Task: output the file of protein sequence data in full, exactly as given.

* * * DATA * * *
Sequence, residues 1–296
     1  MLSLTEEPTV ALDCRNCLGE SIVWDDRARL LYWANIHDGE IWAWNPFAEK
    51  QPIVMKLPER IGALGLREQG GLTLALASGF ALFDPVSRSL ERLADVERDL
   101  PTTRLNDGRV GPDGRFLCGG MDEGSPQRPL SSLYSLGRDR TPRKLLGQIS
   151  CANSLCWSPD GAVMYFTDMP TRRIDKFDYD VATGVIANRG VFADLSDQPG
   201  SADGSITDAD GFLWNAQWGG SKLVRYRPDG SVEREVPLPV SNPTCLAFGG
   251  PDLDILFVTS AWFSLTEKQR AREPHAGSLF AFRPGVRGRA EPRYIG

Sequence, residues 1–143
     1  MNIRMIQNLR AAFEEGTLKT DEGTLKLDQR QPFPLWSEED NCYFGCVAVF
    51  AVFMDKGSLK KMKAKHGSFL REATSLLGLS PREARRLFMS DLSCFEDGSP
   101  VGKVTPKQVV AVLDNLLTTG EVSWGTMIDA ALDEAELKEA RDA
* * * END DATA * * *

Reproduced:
Sequence, residues 1–296
     1  MLSLTEEPTV ALDCRNCLGE SIVWDDRARL LYWANIHDGE IWAWNPFAEK
    51  QPIVMKLPER IGALGLREQG GLTLALASGF ALFDPVSRSL ERLADVERDL
   101  PTTRLNDGRV GPDGRFLCGG MDEGSPQRPL SSLYSLGRDR TPRKLLGQIS
   151  CANSLCWSPD GAVMYFTDMP TRRIDKFDYD VATGVIANRG VFADLSDQPG
   201  SADGSITDAD GFLWNAQWGG SKLVRYRPDG SVEREVPLPV SNPTCLAFGG
   251  PDLDILFVTS AWFSLTEKQR AREPHAGSLF AFRPGVRGRA EPRYIG

Sequence, residues 1–143
     1  MNIRMIQNLR AAFEEGTLKT DEGTLKLDQR QPFPLWSEED NCYFGCVAVF
    51  AVFMDKGSLK KMKAKHGSFL REATSLLGLS PREARRLFMS DLSCFEDGSP
   101  VGKVTPKQVV AVLDNLLTTG EVSWGTMIDA ALDEAELKEA RDA